How Successful Businesses Create Positive Cash Flow

Successful companies generate positive cash flow through efficient operations and effective marketing. Generating revenue is not like raising funds for a charity–people will not offer you money simply because they agree with what you do. Businesses succeed when they are able to convince buyers that their products/services are superior to and of greater value than the offerings of other providers. Controlling costs is critical; make provisions for unavoidable cost variances and eliminate waste in areas where  costs–or at least overruns–can be avoided. Planning for adequate capital structure is also essential; debt-laden companies cannot achieve the same level of success as companies with enough equity. Being able to bring in sufficient revenues and preventing large amounts from being paid out will lead to positive cash flow.

Effective companies generate positive cash flow consistently. The business is streamlined continually to  narrowly defined core acutely focused on making sales, controlling costs, and structuring capital. Creating and maintaining positive cash flows is a continual goal of any business, and an ongoing reality in profitable ones. The exercise of staying profitable and successful requires more discipline than many executive teams are willing to enforce in their operations. For example, moving inventory in a timely manner is puzzle to many businesses that make products.; however, those who develop a formula for success in this area are well on their way to positive cash flows. Controlling costs, though, is not synonymous with eliminating costs. Eliminating costs in an arbitrary fashion can kill momentum and limit financial flexibility. Capital is a useful tool if its effects are controlled, and businesses able to avoid large debt loads are more consistently profitable.

While positive cash flow may seem like a lofty ideal to some teams, the investment and financial communities consider cash flow a distinguishing barometer of business stability. Companies with favorable cash flows can secure more favorable financing terms and receive more concessions from vendors and subcontract organizations. For example, businesses with positive cash flows can negotiate higher discounts when they are able to pay invoices early. Additionally, they can prepay materials and buy in volume for even steeper discounts. An enterprise that consistently demonstrates that it can cover more than its cost of doing business (as evidenced by positive net income) will rack up profits and retained earnings year after year and attract more customers, since buyers often feel that profitable companies are more likely to survive and meet their needs for the long run. Therefore, positive cash flow should be the goal of every employee in the business.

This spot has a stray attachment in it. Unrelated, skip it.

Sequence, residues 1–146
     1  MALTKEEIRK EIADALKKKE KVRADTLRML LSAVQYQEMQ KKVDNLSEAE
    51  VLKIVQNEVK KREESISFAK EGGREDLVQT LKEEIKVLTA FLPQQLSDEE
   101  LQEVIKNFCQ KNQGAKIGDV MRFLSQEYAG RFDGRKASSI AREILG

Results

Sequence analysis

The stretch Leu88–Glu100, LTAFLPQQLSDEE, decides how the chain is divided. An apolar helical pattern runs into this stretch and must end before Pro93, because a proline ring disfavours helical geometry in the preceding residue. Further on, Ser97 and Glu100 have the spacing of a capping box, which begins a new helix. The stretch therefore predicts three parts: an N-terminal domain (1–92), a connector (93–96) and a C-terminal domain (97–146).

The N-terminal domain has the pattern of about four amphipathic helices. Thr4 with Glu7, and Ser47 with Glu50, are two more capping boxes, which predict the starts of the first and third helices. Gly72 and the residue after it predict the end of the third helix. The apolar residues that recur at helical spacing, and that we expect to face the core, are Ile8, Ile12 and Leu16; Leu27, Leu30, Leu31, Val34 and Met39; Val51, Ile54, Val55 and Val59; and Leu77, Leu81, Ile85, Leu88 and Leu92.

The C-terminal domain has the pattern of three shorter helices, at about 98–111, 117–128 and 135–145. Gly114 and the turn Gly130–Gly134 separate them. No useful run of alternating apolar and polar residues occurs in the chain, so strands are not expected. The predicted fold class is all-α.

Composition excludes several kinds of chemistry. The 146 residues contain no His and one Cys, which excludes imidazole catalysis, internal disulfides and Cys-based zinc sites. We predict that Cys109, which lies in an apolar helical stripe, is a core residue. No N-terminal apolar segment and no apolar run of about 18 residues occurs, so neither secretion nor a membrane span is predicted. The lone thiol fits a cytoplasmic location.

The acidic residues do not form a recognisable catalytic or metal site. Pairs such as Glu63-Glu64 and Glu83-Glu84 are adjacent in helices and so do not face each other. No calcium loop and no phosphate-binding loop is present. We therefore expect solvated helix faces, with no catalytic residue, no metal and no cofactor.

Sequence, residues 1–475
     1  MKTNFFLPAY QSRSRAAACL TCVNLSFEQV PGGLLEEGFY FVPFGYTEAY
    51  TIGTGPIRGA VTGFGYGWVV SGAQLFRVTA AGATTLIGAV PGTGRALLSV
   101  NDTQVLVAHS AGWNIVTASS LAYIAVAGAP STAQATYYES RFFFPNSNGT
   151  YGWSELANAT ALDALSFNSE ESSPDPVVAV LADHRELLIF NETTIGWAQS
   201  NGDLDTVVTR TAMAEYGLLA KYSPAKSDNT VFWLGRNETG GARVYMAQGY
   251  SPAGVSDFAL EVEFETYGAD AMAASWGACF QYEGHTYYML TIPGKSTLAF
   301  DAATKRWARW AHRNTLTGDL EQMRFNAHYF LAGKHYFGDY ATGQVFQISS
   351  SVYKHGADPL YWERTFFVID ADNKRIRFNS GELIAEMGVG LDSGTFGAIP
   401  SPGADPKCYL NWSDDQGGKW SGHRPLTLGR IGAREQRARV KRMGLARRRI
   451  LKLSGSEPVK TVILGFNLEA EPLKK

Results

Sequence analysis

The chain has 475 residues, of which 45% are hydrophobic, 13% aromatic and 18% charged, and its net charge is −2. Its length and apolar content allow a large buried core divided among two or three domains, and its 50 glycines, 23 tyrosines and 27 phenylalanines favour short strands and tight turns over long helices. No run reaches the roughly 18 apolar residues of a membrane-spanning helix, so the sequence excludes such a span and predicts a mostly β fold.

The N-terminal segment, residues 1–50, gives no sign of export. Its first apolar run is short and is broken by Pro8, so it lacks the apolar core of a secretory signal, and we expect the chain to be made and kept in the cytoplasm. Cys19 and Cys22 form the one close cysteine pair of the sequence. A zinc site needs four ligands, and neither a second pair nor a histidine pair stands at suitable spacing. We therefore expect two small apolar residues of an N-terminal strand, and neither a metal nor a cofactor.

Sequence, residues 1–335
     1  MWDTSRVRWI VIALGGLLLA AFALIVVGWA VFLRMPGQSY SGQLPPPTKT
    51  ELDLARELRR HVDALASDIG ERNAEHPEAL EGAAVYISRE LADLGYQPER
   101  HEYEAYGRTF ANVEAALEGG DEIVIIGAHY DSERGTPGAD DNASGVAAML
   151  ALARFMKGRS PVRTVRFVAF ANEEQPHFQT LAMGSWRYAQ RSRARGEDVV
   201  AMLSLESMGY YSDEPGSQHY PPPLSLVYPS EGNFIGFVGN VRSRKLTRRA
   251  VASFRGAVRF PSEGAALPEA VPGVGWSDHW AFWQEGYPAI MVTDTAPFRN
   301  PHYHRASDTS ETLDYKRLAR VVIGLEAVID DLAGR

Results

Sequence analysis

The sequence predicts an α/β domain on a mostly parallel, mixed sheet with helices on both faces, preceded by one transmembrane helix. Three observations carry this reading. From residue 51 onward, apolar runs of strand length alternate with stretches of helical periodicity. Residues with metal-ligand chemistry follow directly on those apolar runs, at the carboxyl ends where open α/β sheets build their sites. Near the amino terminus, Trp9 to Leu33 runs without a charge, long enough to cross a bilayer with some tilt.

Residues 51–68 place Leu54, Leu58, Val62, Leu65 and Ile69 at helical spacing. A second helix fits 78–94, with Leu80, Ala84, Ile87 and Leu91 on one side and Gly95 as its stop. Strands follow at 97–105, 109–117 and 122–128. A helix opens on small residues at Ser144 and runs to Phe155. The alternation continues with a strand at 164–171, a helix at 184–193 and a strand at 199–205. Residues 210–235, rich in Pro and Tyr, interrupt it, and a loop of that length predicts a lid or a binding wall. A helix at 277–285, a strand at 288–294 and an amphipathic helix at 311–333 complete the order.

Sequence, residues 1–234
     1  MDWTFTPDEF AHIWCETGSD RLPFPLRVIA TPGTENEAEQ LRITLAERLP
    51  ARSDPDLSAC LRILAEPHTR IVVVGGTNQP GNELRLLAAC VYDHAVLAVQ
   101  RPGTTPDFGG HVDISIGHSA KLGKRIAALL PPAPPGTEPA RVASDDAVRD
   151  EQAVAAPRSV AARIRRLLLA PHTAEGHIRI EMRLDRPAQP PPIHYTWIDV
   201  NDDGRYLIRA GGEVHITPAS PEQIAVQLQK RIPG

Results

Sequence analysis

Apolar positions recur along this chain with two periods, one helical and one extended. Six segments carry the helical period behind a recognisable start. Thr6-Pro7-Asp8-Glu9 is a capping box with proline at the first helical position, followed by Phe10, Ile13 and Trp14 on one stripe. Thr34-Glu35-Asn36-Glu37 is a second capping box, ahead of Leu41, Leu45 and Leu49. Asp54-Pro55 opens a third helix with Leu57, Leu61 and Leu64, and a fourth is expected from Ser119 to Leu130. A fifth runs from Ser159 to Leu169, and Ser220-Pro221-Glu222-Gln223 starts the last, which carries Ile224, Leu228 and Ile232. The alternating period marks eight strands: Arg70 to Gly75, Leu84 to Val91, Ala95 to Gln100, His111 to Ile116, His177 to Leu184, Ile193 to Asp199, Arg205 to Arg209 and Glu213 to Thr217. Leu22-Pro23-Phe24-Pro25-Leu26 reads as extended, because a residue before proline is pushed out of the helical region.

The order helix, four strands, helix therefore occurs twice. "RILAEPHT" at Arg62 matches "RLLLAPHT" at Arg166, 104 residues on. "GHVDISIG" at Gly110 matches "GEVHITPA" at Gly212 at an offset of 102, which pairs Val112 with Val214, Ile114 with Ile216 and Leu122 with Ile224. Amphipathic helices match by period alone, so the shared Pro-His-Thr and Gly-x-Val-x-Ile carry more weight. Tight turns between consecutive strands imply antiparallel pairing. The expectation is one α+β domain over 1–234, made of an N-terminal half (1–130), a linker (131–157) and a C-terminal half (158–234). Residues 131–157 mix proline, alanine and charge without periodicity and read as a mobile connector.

One of the most important things to remember when incurring financial obligations that affect your cash flow is to stay within acceptable industry ratios. Most industries have trade organizations that publish benchmarking data to help representative companies do a better job of analyzing how they compare with norms. The analysis should not become an end unto itself, however. Use the data to have productive conversations with your CPA, banker, and investors. Unless you want a very short day in the sun, avoid reliance on debt. To remain financially competitive, choose capital financing sources wisely and do not burden your operations and marketing teams with a weight too heavy to bear.


How Do Successful Businesses Manage Their Finances?

Once the marketing plan has been developed and the product (service) mix defined, successful executive teams develop a financial plan to determine whether their offerings are economically feasible. Such financial considerations as sources of funding, cash availability, and marketing investment need to be evaluated.

Again, no department or manager can operate in a vacuum during this planning process; it is highly likely that staff in the marketing, finance and operations areas will collaborate on the development of plans for their respective areas, as well as on all aspects of an overall business plan. When a new project, product, or service is contemplated, the finance and accounting staff, in conjunction with the business owner(s), head of marketing, and head of operations should evaluate the company’s ability to:

  • get the initiative off the ground,
  • fund it during development and launch, and
  • continue to support it through sales process and beyond.

Successful businesses are always careful to perform all necessary analysis of these three aspects of innovation. They never assume the financial capability to launch a new idea guarantees success; rather, it is understood that the ability to begin a project is of no value if momentum cannot be sustained through the point of post-sale customer service and satisfaction. The cash required to pay overhead and ongoing obligations when no revenues are coming in from the new initiative can put a company into bankruptcy if not anticipated beforehand.